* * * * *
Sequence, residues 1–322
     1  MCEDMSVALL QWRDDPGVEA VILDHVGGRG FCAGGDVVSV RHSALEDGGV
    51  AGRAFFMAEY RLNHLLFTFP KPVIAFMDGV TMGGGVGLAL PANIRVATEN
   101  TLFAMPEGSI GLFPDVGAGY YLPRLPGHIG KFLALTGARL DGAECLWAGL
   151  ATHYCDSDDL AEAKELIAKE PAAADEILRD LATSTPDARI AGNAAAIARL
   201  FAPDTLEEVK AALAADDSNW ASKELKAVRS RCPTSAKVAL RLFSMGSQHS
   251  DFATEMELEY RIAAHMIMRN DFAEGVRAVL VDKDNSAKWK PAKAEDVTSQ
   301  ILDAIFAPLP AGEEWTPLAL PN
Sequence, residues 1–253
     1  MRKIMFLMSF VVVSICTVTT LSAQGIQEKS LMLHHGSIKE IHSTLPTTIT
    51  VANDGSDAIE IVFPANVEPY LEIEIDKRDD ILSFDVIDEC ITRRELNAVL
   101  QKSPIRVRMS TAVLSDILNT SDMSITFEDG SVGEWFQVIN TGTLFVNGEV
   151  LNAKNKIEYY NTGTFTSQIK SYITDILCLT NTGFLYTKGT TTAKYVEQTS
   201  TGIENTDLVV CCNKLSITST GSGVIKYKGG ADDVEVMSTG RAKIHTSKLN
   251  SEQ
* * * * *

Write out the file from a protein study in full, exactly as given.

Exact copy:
Sequence, residues 1–322
     1  MCEDMSVALL QWRDDPGVEA VILDHVGGRG FCAGGDVVSV RHSALEDGGV
    51  AGRAFFMAEY RLNHLLFTFP KPVIAFMDGV TMGGGVGLAL PANIRVATEN
   101  TLFAMPEGSI GLFPDVGAGY YLPRLPGHIG KFLALTGARL DGAECLWAGL
   151  ATHYCDSDDL AEAKELIAKE PAAADEILRD LATSTPDARI AGNAAAIARL
   201  FAPDTLEEVK AALAADDSNW ASKELKAVRS RCPTSAKVAL RLFSMGSQHS
   251  DFATEMELEY RIAAHMIMRN DFAEGVRAVL VDKDNSAKWK PAKAEDVTSQ
   301  ILDAIFAPLP AGEEWTPLAL PN
Sequence, residues 1–253
     1  MRKIMFLMSF VVVSICTVTT LSAQGIQEKS LMLHHGSIKE IHSTLPTTIT
    51  VANDGSDAIE IVFPANVEPY LEIEIDKRDD ILSFDVIDEC ITRRELNAVL
   101  QKSPIRVRMS TAVLSDILNT SDMSITFEDG SVGEWFQVIN TGTLFVNGEV
   151  LNAKNKIEYY NTGTFTSQIK SYITDILCLT NTGFLYTKGT TTAKYVEQTS
   201  TGIENTDLVV CCNKLSITST GSGVIKYKGG ADDVEVMSTG RAKIHTSKLN
   251  SEQ